Trains, Bicycles were prevalent in Venice in late autumn 2017. Women with 3-4 All our train reservations were made online in the USA.  We avoided validation at train stations.This helped avoid stress in overseas traveling. Women in spiked heels were bicycle riding in Ravenna. Tourists shoving and pushing in Florence and Venice during an off season was unbelievable. Italians were courteous, helpful with our luggage. Train travel from Venice to Florence, Aquilieia (Bologna) and Ravenna was excellent. All the trains rain on time. Clean with modern seats. Even the old trains were comfortable.

Computerized bathroom, Venice to Bologna

The major problem in travelling was luggage. Finding space on trains forluggage was a nightmare, in addition to lifting. The best suggestion offered was “come to Venice with a carryon suticas.” How can you go on a two week trip with one, small suitcase?

Modern train seats from Venice to Bologna

Train travel showed us the beautiful, rolling green hills and fields. Affluent with rich natural resources, Northern Italy is carrying the taxation burden of Rome.

Rolling farm fields, Venice to Bologna

We were vigilant for pick pockets at the Bologna train station. Our vigilance must have scared the pick pockets away because we are New York City street smart. We accidentally travelled from Venice to Bologna second class instead of our first class tickets. The conductor wrote on the ticket that we are entitled to a refund. Seat reservations are mandatory in first class, not second class.  The high speed train on our return trip from Florence to Venice was modern. The newer trains had computerized bathrooms.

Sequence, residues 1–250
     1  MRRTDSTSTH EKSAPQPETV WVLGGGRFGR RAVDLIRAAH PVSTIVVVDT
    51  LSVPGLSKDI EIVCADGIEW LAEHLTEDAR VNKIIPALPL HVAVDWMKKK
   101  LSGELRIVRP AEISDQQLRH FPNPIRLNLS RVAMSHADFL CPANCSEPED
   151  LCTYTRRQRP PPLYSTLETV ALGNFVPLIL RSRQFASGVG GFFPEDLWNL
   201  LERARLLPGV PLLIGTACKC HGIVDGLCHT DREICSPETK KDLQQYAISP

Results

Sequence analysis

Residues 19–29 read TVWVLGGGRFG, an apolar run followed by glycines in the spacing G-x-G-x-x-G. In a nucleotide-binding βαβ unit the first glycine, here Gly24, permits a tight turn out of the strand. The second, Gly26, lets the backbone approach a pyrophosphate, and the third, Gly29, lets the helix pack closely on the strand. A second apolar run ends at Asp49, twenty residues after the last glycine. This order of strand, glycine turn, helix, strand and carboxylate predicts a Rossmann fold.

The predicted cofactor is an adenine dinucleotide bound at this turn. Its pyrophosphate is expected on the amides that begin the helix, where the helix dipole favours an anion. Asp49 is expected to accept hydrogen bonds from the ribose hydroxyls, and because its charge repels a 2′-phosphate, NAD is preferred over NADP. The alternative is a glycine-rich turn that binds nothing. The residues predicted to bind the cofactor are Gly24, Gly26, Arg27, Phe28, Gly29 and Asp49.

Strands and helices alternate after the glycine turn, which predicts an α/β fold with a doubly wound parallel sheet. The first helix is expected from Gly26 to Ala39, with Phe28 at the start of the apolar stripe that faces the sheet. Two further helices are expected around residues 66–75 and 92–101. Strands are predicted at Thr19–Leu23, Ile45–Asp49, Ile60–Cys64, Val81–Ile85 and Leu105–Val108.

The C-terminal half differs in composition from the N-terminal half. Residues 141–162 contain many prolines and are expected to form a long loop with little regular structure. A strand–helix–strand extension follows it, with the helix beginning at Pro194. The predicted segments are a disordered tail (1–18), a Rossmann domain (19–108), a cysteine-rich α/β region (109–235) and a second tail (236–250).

Travelling without guides and knowing English is possible in Italy. We created our own customized excursion with free walking tours and internet information. Hospitality was prevalent among the Italian middle class. I felt I was with our own people in Greece.

On the Road in Greece: Memorable Hotels


Amalia Hotel, Athens


Budget wise travelers want a good deal. The Amalia and Parthenon Hotels are in the best area of Athens, the Acropolis. Great service, capable administrators in the Reception desk made out 2017 Greece stay enjoyable. We are reserving rooms in the same hotels for our late Spring 2018 trip.

Parthenon Hotel, Athens

The Amalia Hotel at Leoforos Vasilisis Amalias 10, near  Syntagma Square has a great location to shopping and museums. The staff helped us sightsee and solve cell phone issues. Remarkable in all our requests. The breakfast was great. Thanos, Panagiota, George, Nikos, Chris and Julia spent time to help us. This is unusual in an Athens Hotel. They were courteous to us as Americans and New Yorkers, not making nasty comments as a higher price hotel (Royal Olympic) in in 2016. I was able to shop for items I left in the USA easily. We had a dinner, with quality, made to our order, in an enjoyable hotel restaurant.

The “Parthenon Hotel”, in the heart of the Acropolis. This is an outstanding hotel. I have been trying to get a reservation for two years. Each time it was booked. Mr. Koursaris, Yiota and staff were exceptional. Yiota for two days tried to arrange problems with my return Delta flight. She accomplished it. They have a wonderful breakfast. The location is great to explore the Acropolis and restaurants. We walked to the subway station for touring. No need for taxis. Public transportation right there. We stayed for six weeks in 2007. We returned in 2015, and 2017. Enjoy the hospitality. Ask the reception for help. They are a hidden treasure. Mr. Koursaris’ expertise and professionalism are unique.